JMIR Publications

JMIR Research Protocols

Ongoing Trials, Grant Proposals, Formative Research, Methods, Early Results


Journal Description


JMIR Research Protocols (ISSN 1929-0748) publishes peer-reviewed, openly accessible research ideas and grant proposals, study and trial protocols, reports of ongoing research, current methods and approaches, and preliminary results from pilot studies or formative research informing the design of medical and health-related research and technology innovations.

  • JMIR Res Protoc is a new journal spin-off of JMIR, the worlds' leading medical journal in health sciences / health services research and health informatics (Impact Factor: 4.7)
  • JMIR Res Protoc publishes protocols and grant proposals in all areas of medicine (and their peer-review reports, if available), as well as feasibility studies, early reports and formative/process evaluations of ongoing studies and descriptions of the development and pilot evaluations of innovations and software applications or other interventions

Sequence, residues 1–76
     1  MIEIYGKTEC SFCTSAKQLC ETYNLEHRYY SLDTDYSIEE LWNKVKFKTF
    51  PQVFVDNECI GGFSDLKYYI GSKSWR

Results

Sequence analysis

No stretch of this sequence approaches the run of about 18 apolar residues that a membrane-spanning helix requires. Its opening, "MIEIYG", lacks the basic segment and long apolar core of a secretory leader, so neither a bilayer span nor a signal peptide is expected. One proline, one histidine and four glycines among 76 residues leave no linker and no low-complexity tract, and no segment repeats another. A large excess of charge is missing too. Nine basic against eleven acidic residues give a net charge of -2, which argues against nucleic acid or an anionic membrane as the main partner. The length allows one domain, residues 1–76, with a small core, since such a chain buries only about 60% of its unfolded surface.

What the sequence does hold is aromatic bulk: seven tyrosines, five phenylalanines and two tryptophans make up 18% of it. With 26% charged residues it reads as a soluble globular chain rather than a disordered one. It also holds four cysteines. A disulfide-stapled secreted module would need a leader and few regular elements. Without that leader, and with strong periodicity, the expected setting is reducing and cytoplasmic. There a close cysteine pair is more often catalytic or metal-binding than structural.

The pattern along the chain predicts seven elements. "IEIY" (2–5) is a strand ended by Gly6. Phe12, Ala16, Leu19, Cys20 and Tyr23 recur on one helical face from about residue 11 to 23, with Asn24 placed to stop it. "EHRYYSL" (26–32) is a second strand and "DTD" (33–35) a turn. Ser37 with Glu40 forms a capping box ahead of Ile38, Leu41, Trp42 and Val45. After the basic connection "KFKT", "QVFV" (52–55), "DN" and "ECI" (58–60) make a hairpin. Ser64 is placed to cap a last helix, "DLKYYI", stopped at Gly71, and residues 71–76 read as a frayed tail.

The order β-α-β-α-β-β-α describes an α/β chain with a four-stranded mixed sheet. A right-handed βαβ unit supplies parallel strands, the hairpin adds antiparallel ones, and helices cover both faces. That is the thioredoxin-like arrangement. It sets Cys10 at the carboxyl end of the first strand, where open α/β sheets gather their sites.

• JMIR Res Protoc is fully open access, with full text articles deposited in PubMed Central
  • Publishing research protocols, grant proposals, pilot/feasibility studies and early reports of ongoing and planned work encourages collaboration and early feedback, and reduces duplication of effort 
  • JMIR Res Protoc will be a valuable ressource for researchers who want to learn about current research methodologies and how to write a winning grant proposal
  • JMIR Res Protoc creates an early scientific record for researchers who have developed novel methodologies, software, innovations or elaborate protocols
  • JMIR Res Protoc faciliates subsequent publication of results demonstrating that the methodology has already been reviewed, and reduces the effort of writing up the results, as the protocol can be easily referenced
  • JMIR Res Protoc demonstrates to reviewers of subsequent results papers that authors followed and adhered to carefully developed and described a-priori methods